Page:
Pakistan had launched Operation Gulmarg to take over the territory of Jammu and Kashmir by force

The date was October 22, 1947. It would go down in history as the Black Day - the day Pakistan decided to put into operation the nefarious 'Operation Gulmarg' to invade Jammu and Kashmir and capture it by force.

Over the next few days, the bloody campaign spearheaded by tribal invaders but backed and operationalized by the Pakistan Army saw thousands of innocent people of Jammu and Kashmir being killed. Countless women were raped and numerous towns and villages were plundered and pillaged.

Operation Gulmarg was a well-thought out operation, planned and implemented by the Pakistani military and political establishments to train and arm tribal groups who would go on to invade Kashmir. Pakistan wanted to present this invasion to the world as a local uprising against Maharaja Hari Singh’s ruling dispensation.

The plan of arming tribals is referred to in the book ‘Raiders in Kashmir’, written by Akbar Khan, who was then an officer in charge of weapons and equipment in the Pakistan Army. The book also talks about Pakistan’s need to present the uprising as coming from within Jammu and Kashmir. “I wrote out a plan under the title Armed Revolt in Kashmir,” Khan writes in the book.

The fulcrum of Operation Gulmarg was a ‘Lashkar’ (army) of about 1,000 men each, to be provided by tribal groups in Kashmir’s remote areas close to Pakistan. Multiple accounts, including several from Pakistan, suggest that these groups were lured to do so with a mix of money to be paid upfront and loot from the plunder and pillage that would inevitably follow.

Once the 'Lashkars' were ready, they were trained and provided arms, ammunition and other essential supplies by units of the Pakistan Army close to the border with Jammu and Kashmir and directed to head towards Srinagar.

Their first stop was Muzaffarabad, where they indulged in widespread killing and looting.

A commentary by the European Foundation for South Asian Studies (EFSAS), published on October 16, 2020, refers to the account of an eyewitness, Khawaja Abdul Samad. He is quoted saying, “their attack had totally devastated Muzaffarabad, the homes of Hindus and Muslims were looted, shops were plundered, places of worships were not spared; they tore down Mandirs and desecrated Masjids”.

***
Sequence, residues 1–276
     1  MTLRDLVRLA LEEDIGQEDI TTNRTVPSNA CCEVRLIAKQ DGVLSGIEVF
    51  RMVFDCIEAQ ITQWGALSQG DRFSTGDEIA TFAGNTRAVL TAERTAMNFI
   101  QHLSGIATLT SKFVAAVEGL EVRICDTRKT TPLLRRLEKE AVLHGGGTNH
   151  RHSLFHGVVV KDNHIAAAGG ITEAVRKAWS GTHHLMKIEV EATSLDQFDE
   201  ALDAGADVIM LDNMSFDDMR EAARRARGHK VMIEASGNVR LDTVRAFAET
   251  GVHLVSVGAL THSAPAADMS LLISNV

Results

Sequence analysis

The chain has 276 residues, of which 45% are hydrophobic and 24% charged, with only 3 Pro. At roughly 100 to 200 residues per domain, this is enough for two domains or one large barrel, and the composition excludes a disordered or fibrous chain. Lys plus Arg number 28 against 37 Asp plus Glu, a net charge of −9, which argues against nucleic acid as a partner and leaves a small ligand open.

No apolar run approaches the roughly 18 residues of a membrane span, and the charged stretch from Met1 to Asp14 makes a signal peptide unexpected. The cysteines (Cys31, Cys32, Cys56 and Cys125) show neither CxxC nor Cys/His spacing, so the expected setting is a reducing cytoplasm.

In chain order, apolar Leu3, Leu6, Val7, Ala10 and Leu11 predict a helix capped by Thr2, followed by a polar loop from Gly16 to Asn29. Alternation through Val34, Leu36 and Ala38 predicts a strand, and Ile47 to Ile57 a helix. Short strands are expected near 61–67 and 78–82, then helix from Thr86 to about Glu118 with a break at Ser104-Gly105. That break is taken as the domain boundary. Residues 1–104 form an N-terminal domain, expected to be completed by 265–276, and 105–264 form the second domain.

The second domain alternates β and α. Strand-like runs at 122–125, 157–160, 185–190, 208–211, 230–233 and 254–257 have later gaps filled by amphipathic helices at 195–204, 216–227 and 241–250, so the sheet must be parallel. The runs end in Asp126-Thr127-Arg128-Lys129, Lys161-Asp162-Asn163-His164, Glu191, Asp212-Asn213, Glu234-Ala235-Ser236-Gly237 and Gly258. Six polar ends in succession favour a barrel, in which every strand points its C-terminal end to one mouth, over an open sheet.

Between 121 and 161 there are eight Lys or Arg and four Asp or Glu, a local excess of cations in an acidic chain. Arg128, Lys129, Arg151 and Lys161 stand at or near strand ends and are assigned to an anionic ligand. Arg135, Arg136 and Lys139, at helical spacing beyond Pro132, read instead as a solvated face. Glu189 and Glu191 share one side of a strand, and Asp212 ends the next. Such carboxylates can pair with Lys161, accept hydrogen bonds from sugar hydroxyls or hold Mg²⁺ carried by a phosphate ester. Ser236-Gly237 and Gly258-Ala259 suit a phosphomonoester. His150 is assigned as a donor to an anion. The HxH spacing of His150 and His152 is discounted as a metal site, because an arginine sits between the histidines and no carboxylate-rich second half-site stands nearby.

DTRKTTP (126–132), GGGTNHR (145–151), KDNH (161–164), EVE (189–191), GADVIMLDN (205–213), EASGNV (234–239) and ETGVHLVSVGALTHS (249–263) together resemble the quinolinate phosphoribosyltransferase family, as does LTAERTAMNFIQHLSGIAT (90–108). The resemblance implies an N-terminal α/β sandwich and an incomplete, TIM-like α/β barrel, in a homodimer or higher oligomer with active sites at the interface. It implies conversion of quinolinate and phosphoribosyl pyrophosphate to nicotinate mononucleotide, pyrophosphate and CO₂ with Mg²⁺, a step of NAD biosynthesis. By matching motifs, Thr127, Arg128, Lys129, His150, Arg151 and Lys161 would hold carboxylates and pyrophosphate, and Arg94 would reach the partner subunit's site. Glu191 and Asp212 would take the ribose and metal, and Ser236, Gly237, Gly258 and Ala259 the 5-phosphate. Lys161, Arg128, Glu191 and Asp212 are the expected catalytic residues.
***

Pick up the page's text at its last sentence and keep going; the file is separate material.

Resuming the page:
The invaders were to then pass through Uri and Baramulla before reaching Srinagar, where they were tasked with taking over the aerodrome. It was Baramulla which bore the brunt of the atrocities once the invaders reached the town on October 26.

Getting to know about the mounting atrocities, Maharaja Hari Singh signed Jammu and Kashmir’s Instrument of Accession to India the same day.

On October 27, 1947, the first contingent of the Indian armed forces landed at Srinagar airport and immediately launched a campaign to push back the invaders before they could close in on the city.

Over the years, estimates for the number of people killed by the invaders in Jammu and Kashmir have ranged from 30,000 to 40,000, with the largest number said to have been killed in Baramulla on October 26.


Unlike the false narrative that Pakistan has tried to so assiduously push over the decades, even the United Nations had taken note of the invasion being against international law. The world body also acknowledged that Pakistan Army units had subsequently moved into Jammu and Kashmir's territory.

"I was prepared to adopt the view that when the frontier of J&K was crossed, on I believe 20 October 1947, by hostile elements, it was contrary to international law, and that when, in May 1948 as I believe, units of the regular Pakistan forces moved into the territory of the State that too was inconsistent with international law," Owen Dixon, United Nations Representative for India and Pakistan, said in a letter to UN Security Council President Gladwyn Jebb on 15 September 1950.

The invasion and the ensuing massacre were also raised at the UN Security Council by Sheikh Abdullah on February 5, 1948. Here are excerpts from his speech.

"... the tribesmen across the border have poured into my country. They have been helped and are being helped by the Pakistan Government..."

"...the raiders came to our land, massacred thousands of people -- mostly Hindus and Sikhs, but Muslims too -- abducted thousands of girls, Hindu, Sikhs and Muslims alike, looted our property and almost reached the gates of our summer capital, Srinagar..."

The first signs that Pakistan was up to something sinister and deceitful had come less than a month after it became independent, along with India. Multiple incursions from Pakistan into Jammu and Kashmir's territory started being reported by early September 1947.

According to the commentary by the European Foundation for South Asian Studies (EFSAS), “On 4 September 1947, General Henry Lawrence Scott, commander of the Jammu and Kashmir State forces, complained about multiple covert incursions from Pakistan and asked the Maharaja’s government to raise this issue with Pakistan. The same day, the J&K PM Janak Singh officially complained to Pakistan and asked for “prompt actions.”

Few at that time could, however, have imagined the horrors that were to follow a little over a month later.